Jason Grilli is the Pittsburgh Pirates' new closer, and he moves into the job with mixed emotions.
Grilli is excited to have the chance to close after spending 10 years in the major leagues with six different teams. However, the 36-year-old journeyman was sad to see closer Joel Hanrahan traded to the Boston Red Sox as part of a six-player deal on Dec. 26.
"I'm really looking forward to that challenge, but I'm disappointed, too, to see a good teammate go," Grilli said. "Joel's a great guy. We gave up a good player."
Grilli has just five career saves, including a single-season-high two last season. However, the Pirates feel he has the stuff and peripheral statistics to be a potentially dominant closer.
While Grilli had a 1-6 record last season, his ERA was 2.91 in 64 games, and he struck out 90 and walked 22 in 58 2/3 innings. He had 13.8 strikeouts per nine innings and a 4.09 strikeout/walk ratio, both outstanding figures.
According to fangraphs.com, Grilli's fastball averaged 93.6 mph.
Hanrahan converted 76 of 84 save opportunities over the past two seasons and was selected to the NL All-Star team both years. In 2012, he went 5-2 with 36 saves and a 2.72 ERA in 63 relief appearances.
Grilli became a free agent at the end of last season, but the Pirates re-signed to a two-year, $6.75-million contract on Dec. 12.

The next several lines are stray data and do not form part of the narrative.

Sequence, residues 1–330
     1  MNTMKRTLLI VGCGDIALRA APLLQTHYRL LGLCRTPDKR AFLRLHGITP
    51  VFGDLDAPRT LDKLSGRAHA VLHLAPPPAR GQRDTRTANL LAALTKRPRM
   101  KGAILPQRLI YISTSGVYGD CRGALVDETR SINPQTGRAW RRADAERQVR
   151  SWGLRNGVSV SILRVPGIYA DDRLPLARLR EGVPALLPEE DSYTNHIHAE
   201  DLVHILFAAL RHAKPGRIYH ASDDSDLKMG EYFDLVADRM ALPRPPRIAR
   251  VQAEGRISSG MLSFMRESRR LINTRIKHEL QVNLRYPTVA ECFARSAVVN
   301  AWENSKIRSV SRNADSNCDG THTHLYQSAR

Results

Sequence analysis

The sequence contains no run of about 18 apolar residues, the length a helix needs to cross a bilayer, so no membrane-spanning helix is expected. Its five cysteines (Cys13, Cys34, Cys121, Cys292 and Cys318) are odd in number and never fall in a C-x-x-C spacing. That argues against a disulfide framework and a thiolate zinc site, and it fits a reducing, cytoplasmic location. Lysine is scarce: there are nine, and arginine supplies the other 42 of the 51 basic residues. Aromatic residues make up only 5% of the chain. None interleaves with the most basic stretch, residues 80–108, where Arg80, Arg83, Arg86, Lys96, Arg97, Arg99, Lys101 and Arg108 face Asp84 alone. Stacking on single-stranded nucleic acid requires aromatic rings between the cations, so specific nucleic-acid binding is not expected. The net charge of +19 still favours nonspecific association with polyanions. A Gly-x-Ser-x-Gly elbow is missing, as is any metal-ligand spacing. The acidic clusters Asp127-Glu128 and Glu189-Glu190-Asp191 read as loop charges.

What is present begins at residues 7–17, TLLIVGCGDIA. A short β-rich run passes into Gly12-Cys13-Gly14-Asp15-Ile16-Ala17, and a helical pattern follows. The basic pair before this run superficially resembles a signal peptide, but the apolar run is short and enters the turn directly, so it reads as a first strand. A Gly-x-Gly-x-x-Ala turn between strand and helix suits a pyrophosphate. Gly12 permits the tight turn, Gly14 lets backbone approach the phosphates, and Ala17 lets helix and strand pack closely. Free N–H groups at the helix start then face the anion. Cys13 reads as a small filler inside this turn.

Though it was known at the time that the Pirates were trying to trade Hanrahan rather than potentially pay him a $7 million salary in 2013 through arbitration, Grilli and his agent, former slugger Gary Sheffield, did not have any performance bonuses put into his contract based on games finished.
The Pirates also included infield prospect Brock Holt in the trade, which brought back right-handed reliever Mark Melancon, first baseman/outfielder Jerry Sands, infielder Ivan De Jesus Jr. and right-handed pitching prospect Stolmy Pimentel.
The trade looks like a salary dump on the surface. Melancon is the only one of the four players coming from Boston who is likely to be on the Opening Day roster, though Sands will compete for one of two open corner outfield spots. However, Pirates general manager Neal Huntington defended the trade when asked if it were motivated by finances.
"Trading Joel was a difficult decision, but we found what we think is a good baseball trade," Huntington said.